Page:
Semi-supervised, unsupervised, and adaptive algorithms for large-scale time series

The O’Reilly Data Show Podcast: Ira Cohen on developing machine learning tools for a broad range of real-time applications.

By Ben Lorica
April 21, 2016
A composite of panels depicting maps of some of the properties of galaxies obtained from CALIFA data. A composite of panels depicting maps of some of the properties of galaxies obtained from CALIFA data. (source: CALIFA collaboration on Wikimedia Commons)

Semi-supervised, unsupervised, and adaptive algorithms for large-scale time series
Data Show Podcast

00:00 / 00:48:05

In this episode of the O’Reilly Data Show, I spoke with Ira Cohen, co-founder and chief data scientist at Anodot (full disclosure: I’m an advisor to Anodot). Since my days in quantitative finance, I’ve had a longstanding interest in time-series analysis. Back then, I used statistical (and data mining) techniques on relatively small volumes of financial time series. Today’s applications and use cases involve data volumes and speeds that require a new set of tools for data management, collection, and simple analysis.

On the analytics side, applications are also beginning to require online machine learning algorithms that are able to scale, are adaptive, and free of a rigid dependence on labeled data. I talked with Cohen about the challenges in building an advanced analytics system for intelligent applications at extremely large scale.

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Here are some highlights from our conversation:

Surfacing anomalies

A lot of systems have a concept called dashboarding, where you put your regular things that you look at—the total revenue, the total amount of traffic to my website. … We have a parallel concept that we called Anoboard, which is an anomaly board. An anomaly board is basically showing you only the things that right now have some strange patterns to them. … So, out of the millions, here are the top 20 things you should be looking at because they have a strange behavior to them.

… The Anoboard is something that gets populated by machine learning algorithms. … We only highlight the things that you need to look at rather than the subset of things that you’re used to looking at, but that might not be relevant for discovering anything that’s happening right now.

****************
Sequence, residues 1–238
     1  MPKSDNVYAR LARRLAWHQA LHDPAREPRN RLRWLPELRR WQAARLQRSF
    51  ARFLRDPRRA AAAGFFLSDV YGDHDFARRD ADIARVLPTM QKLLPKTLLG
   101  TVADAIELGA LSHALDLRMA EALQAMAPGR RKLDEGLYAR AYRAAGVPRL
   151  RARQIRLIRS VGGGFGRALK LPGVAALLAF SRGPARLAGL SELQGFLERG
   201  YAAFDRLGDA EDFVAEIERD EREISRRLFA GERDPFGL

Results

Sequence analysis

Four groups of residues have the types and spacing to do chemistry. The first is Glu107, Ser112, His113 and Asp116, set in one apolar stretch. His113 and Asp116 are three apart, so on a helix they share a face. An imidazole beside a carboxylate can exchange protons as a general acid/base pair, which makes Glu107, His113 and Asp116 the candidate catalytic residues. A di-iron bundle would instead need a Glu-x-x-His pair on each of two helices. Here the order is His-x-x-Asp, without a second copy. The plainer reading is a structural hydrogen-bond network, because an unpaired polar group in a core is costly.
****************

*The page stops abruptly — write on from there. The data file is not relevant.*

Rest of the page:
Adaptive, online, unsupervised algorithms at scale

We are a generic platform that can take any time series into it, and we’ll output anomalies. Like any machine learning system, we have success criteria. In our case, it’s that the number of false positives should be minimal, and the number of true detections should be the highest possible. Given those constraints and given that we are agnostic to the data so we’re generic enough, we have to have a set of algorithms that will fit almost any type of metrics, any type of time series signals that get sent to us.

To do that, we had to observe and collect a lot of different types of time series data from various types of customers. … We have millions of metrics in our system today. … We have over a dozen different algorithms that fit different types of signals. We had to design them and implement them, and obviously because our system is completely unsupervised, we also had to design algorithms that know how to choose the right one for every signal that comes in.

… When you have millions of time series and you’re measuring a large ecosystem, there are relationships between the time series, and the relationships and anomalies between different signals do tell a story. … There are a set of learning algorithms behind the scene that do this correlation automatically.

… All of our algorithms are adaptive, so they take in samples and basically adapt themselves over time to fit the samples. Let’s say there is a regime change. It might trigger an anomaly, but if it stays in a different regime, it will learn that as the new normal. … All our algorithms are completely online, which means they adapt themselves as new samples come in. This actually addresses the second part of the first question, which was scale. We know we have to be adaptive. We want to track 100% of the metrics, so it’s not a case where you can collect a month of data, learn some model, put it in production and then everything is great and you don’t have to do anything. You don’t have to relearn anything. … We assume that we have to relearn everything all the time because things change all the time.

Discovering relationships among KPIs and semi-supervised learning

We find relationships between different KPIs and show it to a user; it’s often something they are not aware of and are surprised to see. … Then, when they think about it and go back, they realize, ‘Oh, yeah. That’s true.’ That completely changes their way of thinking. … If you’re measuring all sorts of business KPIs, nobody knows the relationships between things. They can only conjecture about them, but they don’t really know it.

… I came from a world of semi-supervised learning where you have some labels, but most of the data is unlabeled. I think this is the reality for us as well. We get some feedback from users, but it’s a fraction of the feedback you need if you want to apply supervised learning methods. Getting that feedback is actually very, very helpful. … Because I’m from the semi-supervised learning world, I always try to see where I can get some inputs from users, or from some oracle, but I never want to rely on it being there.

Editor’s note: Ira Cohen will present a talk entitled Analytics for large-scale time-series and event data at Strata + Hadoop World London 2016.

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